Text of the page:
October 21, 2020
Advanced network offers platform to reimagine the Internet and speed scientific discovery
A new $3 million grant from the National Science Foundation (NSF) will expand FABRIC, a project to build the nation’s largest cyberinfrastructure testbed, to four preeminent scientific institutions in Asia and Europe. The expansion represents an ambitious effort to accelerate scientific discovery by creating the networks needed to move vast amounts of data across oceans and time zones seamlessly and securely.
Science is fast outgrowing the capabilities of today’s Internet infrastructure. To fully capitalize on big data, artificial intelligence, advanced computation and the Internet of Things requires robust, interconnected computers, storage, networks and software. Uneven progress in science cyberinfrastructure has led to bottlenecks that stymie collaboration and slow the process of discovery.
FABRIC, launched in 2019 with a $20 million grant from NSF, is building a cyberinfrastructure platform where computer scientists can reimagine the Internet and test new ways to store, compute, and move data. With the new NSF award, a sister project called FABRIC Across Borders (FAB) will link FABRIC’s nationwide infrastructure to nodes in Japan, Switzerland, the U.K. and the Netherlands.
“FAB allows collaborative international science projects to experiment with ways to do their science more efficiently,” said FAB Principal Investigator Anita Nikolich, Director of Technology Innovation at the University of Illinois School of Information Sciences and Cyber Policy Fellow at the Harris School of Public Policy at University of Chicago. “Sending large quantities of data long distances—across borders and oceans—is complicated when your science depends on real-time processing so you don’t miss once in a lifetime events. Being able to put FABRIC nodes in physically distant places allows us to experiment with the infrastructure to support new capabilities and also bring disparate communities together.”
FAB will be led by the University of Illinois along with core team members from RENCI at the University of North Carolina at Chapel Hill; the University of Kentucky; the Department of Energy’s Energy Sciences Network (ESnet); Clemson University; and the University of Chicago. Over three years, the team will work with international partners to place FABRIC nodes at the University of Tokyo; CERN, the European Organization for Nuclear Research in Geneva, Switzerland; the University of Bristol in the U.K.; and the University of Amsterdam.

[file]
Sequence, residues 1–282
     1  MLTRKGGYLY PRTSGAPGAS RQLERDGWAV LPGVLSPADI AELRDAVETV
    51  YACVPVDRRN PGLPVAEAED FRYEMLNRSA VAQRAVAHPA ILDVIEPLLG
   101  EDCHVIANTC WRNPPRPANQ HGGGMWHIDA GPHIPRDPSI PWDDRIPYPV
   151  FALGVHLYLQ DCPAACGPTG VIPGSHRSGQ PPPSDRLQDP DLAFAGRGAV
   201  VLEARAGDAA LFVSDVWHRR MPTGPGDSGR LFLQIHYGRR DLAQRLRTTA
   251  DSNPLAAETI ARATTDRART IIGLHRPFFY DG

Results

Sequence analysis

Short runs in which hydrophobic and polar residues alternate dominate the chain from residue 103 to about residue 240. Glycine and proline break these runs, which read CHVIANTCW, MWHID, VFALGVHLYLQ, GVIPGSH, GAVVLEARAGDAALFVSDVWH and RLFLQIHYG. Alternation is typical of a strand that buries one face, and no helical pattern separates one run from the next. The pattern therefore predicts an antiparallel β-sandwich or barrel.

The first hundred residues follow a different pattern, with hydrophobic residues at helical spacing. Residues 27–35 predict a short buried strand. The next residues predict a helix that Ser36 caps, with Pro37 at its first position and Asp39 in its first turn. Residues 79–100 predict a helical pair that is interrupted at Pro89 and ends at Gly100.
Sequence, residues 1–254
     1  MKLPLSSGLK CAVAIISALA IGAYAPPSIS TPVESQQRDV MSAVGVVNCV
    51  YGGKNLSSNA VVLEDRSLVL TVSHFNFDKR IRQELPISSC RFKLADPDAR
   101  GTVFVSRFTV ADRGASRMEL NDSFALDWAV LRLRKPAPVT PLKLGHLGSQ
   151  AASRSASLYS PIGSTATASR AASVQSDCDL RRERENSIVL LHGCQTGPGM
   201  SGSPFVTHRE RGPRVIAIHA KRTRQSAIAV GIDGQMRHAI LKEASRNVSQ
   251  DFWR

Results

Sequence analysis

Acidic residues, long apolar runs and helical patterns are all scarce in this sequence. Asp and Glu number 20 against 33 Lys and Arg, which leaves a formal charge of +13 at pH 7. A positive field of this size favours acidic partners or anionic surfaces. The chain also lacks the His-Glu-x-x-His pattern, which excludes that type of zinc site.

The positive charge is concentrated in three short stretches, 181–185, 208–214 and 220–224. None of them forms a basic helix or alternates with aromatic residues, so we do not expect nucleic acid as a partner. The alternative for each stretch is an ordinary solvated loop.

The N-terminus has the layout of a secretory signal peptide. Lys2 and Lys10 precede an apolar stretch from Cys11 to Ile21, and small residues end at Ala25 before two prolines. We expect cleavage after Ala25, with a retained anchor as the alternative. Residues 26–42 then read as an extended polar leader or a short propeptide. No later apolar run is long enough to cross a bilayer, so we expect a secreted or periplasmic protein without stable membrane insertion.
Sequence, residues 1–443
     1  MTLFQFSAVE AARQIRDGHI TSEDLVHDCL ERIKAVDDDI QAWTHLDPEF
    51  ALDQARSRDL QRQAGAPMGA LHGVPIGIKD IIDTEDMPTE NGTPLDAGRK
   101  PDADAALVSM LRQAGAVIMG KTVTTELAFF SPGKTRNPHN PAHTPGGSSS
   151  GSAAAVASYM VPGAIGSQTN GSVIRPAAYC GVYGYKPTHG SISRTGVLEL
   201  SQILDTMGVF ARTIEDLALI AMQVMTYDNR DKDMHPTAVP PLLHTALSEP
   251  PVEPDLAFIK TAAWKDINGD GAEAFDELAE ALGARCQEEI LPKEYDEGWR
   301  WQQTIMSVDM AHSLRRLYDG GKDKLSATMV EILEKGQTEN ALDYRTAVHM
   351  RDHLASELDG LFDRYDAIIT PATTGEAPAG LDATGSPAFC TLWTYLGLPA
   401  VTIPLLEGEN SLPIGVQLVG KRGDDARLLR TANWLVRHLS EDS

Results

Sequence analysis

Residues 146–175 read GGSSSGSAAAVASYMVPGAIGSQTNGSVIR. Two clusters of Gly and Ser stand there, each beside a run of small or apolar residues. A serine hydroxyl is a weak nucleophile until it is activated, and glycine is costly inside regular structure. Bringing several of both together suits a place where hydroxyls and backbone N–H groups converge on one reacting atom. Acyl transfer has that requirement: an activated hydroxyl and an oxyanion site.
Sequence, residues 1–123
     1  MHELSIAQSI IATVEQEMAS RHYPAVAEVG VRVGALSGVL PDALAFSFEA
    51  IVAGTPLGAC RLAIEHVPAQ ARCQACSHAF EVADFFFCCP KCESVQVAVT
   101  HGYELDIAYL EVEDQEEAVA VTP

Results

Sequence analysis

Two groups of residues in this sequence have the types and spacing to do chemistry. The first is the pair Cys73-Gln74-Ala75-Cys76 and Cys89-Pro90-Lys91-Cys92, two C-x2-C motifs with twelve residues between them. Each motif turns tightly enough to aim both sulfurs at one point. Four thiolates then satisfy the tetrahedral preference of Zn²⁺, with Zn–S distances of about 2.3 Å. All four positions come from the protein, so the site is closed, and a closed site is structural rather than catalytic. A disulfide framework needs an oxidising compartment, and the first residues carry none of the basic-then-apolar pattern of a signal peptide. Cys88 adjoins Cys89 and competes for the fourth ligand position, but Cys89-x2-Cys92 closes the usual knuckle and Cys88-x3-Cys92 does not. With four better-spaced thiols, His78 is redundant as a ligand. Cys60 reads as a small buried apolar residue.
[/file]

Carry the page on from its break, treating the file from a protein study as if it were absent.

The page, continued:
The project is driven by science needs in fields that are pushing the limits of what today’s Internet can support. As new scientific instruments are due to come online in the next few years—generating ever larger data sets and demanding ever more powerful computation—FAB gives researchers a testbed to explore and anticipate how all that data will be handled and shared among collaborators spanning continents.
“FAB will offer a rich set of network-resident capabilities to develop new models for data delivery from the Large Hadron Collider (LHC) at CERN to physicists worldwide,” said Rob Gardner, Deputy Dean for Computing and research professor in the Physical Sciences Division at the UChicago and member of FAB’s core team. “As we prepare for the high luminosity LHC, the FAB international testbed will provide a network R&D infrastructure we’ve never had before, allowing us to consider novel analysis systems that will propel discoveries at the high energy frontier of particle physics.”
“FABRIC will tremendously help the ATLAS experiment in prototyping and testing at scale some of the innovative ideas we have to meet the high throughput and big data challenges ATLAS will face during the high luminosity LHC era,” said ATLAS computing coordinators Alessandro Di Girolamo, a staff scientist in CERN’s IT department, and Zach Marshall, an ATLAS physicist from Lawrence Berkeley National Laboratory. “The ATLAS physics community will be excited to test new ways of doing analysis, better exploiting the distributed computing infrastructure we run all around the world.”
To ensure the project meets the needs of the scientists it aims to serve, FAB will be built around use cases led by scientific partners in five areas:
- Physics (high energy physics use cases at CERN’s Large Hadron Collider)
- Space (astronomy and cosmology use cases in the Legacy Survey of Space and Time and the Cosmic Microwave Background-Stage 4 project)
- Smart cities (sensing and computing use cases to advance smart, connected communities for the NSF SAGE project and work at the University of Antwerp and the University of Bristol)
- Weather (use cases to improve weather and climate prediction at the University of Miami and Brazil’s Center for Weather Forecast and Climatic Studies)
- Computer science (use cases in private 5G networks at the University of Tokyo; censorship evasion at Clemson University; network competition and sharing at the University of Kentucky; and software-defined networking and P4 programming at South Korea’s national research and engineering network, KREONET)
FAB will connect with existing U.S. and international cyberinfrastructure testbeds and bring programmable networking hardware, storage, computers, and software into one interconnected system. All software associated with FAB will be open source and posted in a publicly available repository: https://github.com/fabric-testbed/.
This article was originally published on whatisfabric.net.